By Elizabeth SheanI always thought it would be difficult to get my parents to accept the idea of in-home care. I felt sure they would see it as unnecessary (“we can take care of ourselves”) and a financial burden (“I can’t afford that”). But it turned out to be very easy to get them onboard with the idea, and for that I can thank my late mother-in-law.Lee’s mom, Susie, was a very special person in my life. I’ve never known a person who had more zest for life than she did. She was always up for socializing and enjoyed throwing impromptu parties. Susie also was a pro-active planner who didn’t believe in leaving important life details to chance. In one conversation we had while she was still in robust health, she told me she knew she would not be able to take care of herself forever, and she planned to hire various types of helpers as the need arose. I told her I would be happy to help with whatever she might need in the future, but she professed a strong belief in not “burdening” her children or daughters-in-law with any kind of caregiving duties.And so, in due course over the years, she first hired a crew to take care of the yard, and later a weekly house cleaner and ultimately a Home Instead® CAREGiver℠.Naturally I talked about Susie’s caregiving experience with my own parents, and from the stories I told they could see the benefit of hiring in-home care for themselves eventually. They still expressed reservations about the expense, but we were able to overcome that argument when they investigated assisted living and realized in-home care was far less expensive—with the added benefit of allowing them to stay in their own home.Recently I overheard Mom talking to her brother on the phone. Explaining her living situation to him, she said, “I have a CAREGiver coming in twice a week now. For me, it’s basically assisted living at home.” She used the phrase “assisted living at home” to me later that week, too. “I knew I’d never be able to afford an assisted living facility,” she said, “but I feel my current arrangement is like assisted living at home. I mean, having a CAREGiver gives me the benefits of assisted living, but I don’t have to downsize. I can keep all my own furniture and books and DVDs. And it’s a fraction of the price of assisted living.”I’m thankful my mom recognizes the value of home care because it relieves me of the stress of being solely responsible for her care. I’m thankful to Home Instead Senior Care® for finding us such an excellent CAREGiver for my mom. Most of all, I’m thankful to my late mother-in-law, Susie, for pioneering this option. It’s because she was willing to “go first” and give in-home care a try that I was able to easily get my own parents to open their eyes to this option. I love you, Susie!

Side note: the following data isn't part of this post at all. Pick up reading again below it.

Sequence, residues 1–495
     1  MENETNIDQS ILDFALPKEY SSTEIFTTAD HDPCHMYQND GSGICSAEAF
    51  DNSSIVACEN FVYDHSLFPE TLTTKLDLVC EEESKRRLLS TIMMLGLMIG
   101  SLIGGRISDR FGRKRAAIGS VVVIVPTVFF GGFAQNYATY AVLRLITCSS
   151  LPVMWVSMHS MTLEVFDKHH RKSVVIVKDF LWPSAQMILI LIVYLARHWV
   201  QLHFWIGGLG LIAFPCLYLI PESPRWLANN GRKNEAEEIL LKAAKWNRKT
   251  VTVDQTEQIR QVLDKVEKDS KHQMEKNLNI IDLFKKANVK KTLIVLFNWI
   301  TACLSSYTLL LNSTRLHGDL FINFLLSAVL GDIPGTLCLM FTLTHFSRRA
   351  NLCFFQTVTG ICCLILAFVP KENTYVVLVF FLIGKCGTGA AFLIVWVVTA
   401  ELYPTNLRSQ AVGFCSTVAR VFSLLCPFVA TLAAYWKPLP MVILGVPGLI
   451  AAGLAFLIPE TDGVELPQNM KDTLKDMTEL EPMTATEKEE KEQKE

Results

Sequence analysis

I agree that many elderly parents feel a sense of frustration at the hassle of in-home help! However, a personal alarm could give them a sense of freedom whilst also giving you a peace of mind knowing that help is only a quick call away.
Thanks for posting, Anna. I definitely believe there is a role for those personal alarm gadgets. In fact, we had one for my Dad when he had dementia. However, a personal alarm cannot bathe a person, like my mother needs, nor can it cook or clean or cut the grass. So, in the case of my late mother-in-law (and now, my mother), a personal alarm device isn't helpful. Amusingly, when my dad had one he was constantly setting it off inadvertently, and I'd receive phone calls at work that paramedics were at my house (because the "talking box" that goes with those devices confused him, so he wouldn't respond). Again, I think a personal alarm can be a great option for an older person who doesn't have dementia and can still accomplish her own activities of daily living. But I wouldn't hesitate to hire a professional caregiver for a loved one who needs practical assistance.
I completely agree, the use of personal alarms is definitely situational and those who require a higher level of care, such as your mother and mother-in-law should not be limited. For those that can still safely retain their independence however, an alarm is a great option.